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Thinking about which of the city's best walks you'll do will determine where to stay in Sydney.

If you'll be doing other things during your stay, it doesn't really matter where you stay as it's fairly easy to get around… but if you only have a short time in Sydney and like the sound of these walking itineraries, then it's best to stay somewhere really convenient to the start or end of each walk.

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Where to Stay for the Sydney City Walk

The beauty of the Sydney City Walk is you can start and end anywhere. But to hit the major sights, I recommend Circular Quay / The Rocks area (it's near the ferry terminal if you want to squeeze in the Watsons Bay Walk too).

Lots of visitors also like Darling Harbour – it's convenient and has lots of waterside restaurants – but I find it very planned, in a town-planning sort of way. That said, the area is often alive with free cultural events throughout the year.

I recommend Darling Harbour if you're in Sydney for a conference at the Convention Centre and want to sneak in a walk, or if you have a young family (best children's city playground ever! Bring their swimming costume if there's even a remote chance they'll be tempted by the water).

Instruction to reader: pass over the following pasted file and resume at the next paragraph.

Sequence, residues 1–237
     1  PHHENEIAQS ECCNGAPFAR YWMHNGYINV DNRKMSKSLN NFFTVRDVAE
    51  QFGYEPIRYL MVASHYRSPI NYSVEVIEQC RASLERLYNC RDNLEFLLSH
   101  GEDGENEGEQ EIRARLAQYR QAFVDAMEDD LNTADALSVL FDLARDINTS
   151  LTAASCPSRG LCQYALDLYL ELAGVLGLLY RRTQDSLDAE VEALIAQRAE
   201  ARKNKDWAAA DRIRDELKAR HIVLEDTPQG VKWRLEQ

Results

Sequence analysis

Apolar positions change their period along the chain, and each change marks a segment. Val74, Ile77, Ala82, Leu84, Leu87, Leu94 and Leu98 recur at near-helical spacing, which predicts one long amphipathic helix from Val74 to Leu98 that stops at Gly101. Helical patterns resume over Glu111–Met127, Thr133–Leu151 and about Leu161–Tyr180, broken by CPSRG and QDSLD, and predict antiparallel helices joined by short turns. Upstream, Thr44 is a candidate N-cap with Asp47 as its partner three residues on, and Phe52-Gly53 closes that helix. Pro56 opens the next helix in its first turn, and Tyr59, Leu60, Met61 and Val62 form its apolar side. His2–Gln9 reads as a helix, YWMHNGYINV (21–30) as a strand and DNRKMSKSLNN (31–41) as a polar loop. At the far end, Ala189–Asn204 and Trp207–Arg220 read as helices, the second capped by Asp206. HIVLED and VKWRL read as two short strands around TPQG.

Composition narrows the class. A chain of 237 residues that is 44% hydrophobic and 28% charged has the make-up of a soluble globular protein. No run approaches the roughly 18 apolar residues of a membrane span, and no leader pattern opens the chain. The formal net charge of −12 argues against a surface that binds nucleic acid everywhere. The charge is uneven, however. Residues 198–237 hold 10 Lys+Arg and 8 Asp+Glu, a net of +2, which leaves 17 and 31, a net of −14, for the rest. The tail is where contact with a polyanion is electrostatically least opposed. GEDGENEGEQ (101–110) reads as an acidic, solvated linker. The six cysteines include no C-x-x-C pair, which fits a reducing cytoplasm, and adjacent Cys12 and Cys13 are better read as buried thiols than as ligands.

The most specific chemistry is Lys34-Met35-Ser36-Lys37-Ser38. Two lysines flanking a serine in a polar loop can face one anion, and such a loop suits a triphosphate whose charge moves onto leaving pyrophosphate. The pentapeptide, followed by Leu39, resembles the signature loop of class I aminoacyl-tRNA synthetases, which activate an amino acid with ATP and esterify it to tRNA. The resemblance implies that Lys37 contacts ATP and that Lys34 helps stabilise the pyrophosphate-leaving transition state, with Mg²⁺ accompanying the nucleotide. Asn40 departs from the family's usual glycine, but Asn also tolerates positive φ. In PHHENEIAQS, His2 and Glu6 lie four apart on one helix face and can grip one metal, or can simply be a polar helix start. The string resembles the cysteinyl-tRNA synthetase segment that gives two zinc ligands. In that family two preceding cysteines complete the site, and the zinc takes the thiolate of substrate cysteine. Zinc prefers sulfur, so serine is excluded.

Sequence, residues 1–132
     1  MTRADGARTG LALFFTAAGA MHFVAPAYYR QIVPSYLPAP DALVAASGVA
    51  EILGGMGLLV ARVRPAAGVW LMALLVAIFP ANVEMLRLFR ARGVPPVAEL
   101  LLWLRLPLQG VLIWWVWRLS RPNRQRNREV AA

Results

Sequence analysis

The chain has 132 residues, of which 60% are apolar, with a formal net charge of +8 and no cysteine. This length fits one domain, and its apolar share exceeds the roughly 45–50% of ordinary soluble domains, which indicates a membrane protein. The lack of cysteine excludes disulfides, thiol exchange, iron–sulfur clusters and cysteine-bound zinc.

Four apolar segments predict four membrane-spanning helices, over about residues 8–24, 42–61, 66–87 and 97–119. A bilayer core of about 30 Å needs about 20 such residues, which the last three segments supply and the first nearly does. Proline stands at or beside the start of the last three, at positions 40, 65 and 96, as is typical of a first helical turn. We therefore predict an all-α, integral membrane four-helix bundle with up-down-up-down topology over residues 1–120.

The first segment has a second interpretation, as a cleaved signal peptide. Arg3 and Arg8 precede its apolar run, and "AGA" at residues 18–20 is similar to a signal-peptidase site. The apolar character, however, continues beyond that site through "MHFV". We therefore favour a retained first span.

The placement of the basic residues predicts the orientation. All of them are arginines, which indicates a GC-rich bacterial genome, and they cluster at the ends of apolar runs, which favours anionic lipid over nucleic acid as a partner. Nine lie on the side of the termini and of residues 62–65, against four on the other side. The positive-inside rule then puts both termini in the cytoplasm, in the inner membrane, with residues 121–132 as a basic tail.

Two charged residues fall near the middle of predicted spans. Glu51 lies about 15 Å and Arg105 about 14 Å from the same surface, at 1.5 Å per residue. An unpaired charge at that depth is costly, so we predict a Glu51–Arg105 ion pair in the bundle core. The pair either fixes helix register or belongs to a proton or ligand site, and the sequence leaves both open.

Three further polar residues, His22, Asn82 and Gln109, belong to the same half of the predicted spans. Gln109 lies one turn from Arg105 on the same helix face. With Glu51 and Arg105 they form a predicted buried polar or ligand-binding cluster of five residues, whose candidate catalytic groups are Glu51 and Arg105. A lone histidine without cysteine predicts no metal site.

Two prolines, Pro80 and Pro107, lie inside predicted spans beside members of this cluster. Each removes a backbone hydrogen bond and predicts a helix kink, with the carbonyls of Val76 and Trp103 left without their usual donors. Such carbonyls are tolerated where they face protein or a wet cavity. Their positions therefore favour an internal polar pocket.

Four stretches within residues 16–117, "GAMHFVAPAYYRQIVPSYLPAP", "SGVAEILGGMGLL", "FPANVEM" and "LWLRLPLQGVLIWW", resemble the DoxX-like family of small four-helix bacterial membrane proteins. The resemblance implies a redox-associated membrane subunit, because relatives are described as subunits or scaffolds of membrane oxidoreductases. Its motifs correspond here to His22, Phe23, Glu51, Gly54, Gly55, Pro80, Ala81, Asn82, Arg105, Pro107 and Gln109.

Where to Stay near Bondi or Coogee

Want to spend more time discovering Sydney's most famous beach on the Bondi to Coogee Walk?

Accommodation at Bondi Beach ranges from backpacker hostels to luxe. We enjoyed the location of Hotel Bondi when it was the former Swisotel. These days, I'd love to try the upscale QT Bondi.

Loved by Brits, you could also try Coogee‘s pub culture, although it's less convenient to Sydney's other sights.

For the Spit to Manly walk

The first thing you need to know about where to say in Sydney to do the Spit Bridge to Manly Walk, is that there is nowhere to stay around The Spit. Not even Air BnBs.

Circular Quay and The Rocks area is perfect for the ferry from the city to Manly.

Manly, like Bondi Beach, ranges from beachside hostels to much fancier.

For people who love the outdoors and a bit of history, I highly recommend Q Station. It's a converted and restored quarantine station just out of Manly itself, on North Head (free transfers). Make time for a meal in the restaurant, yum!

Where to stay in Sydney Q Station

Throw open the french doors at the historic Q Station, Manly.

Where to Stay in Sydney for the Watsons Bay walk

There's a boutique hotel at Watsons Bay that's actually part of the pub (speak to reception if you have noise concerns).

It's not as close to the actual Watsons Bay Walk, but consider staying 15 minutes down the road at Double Bay for eastern suburbs swank, at either the 5-star Intercontinental Sydney Double Bay, or 3.5 star The Savoy.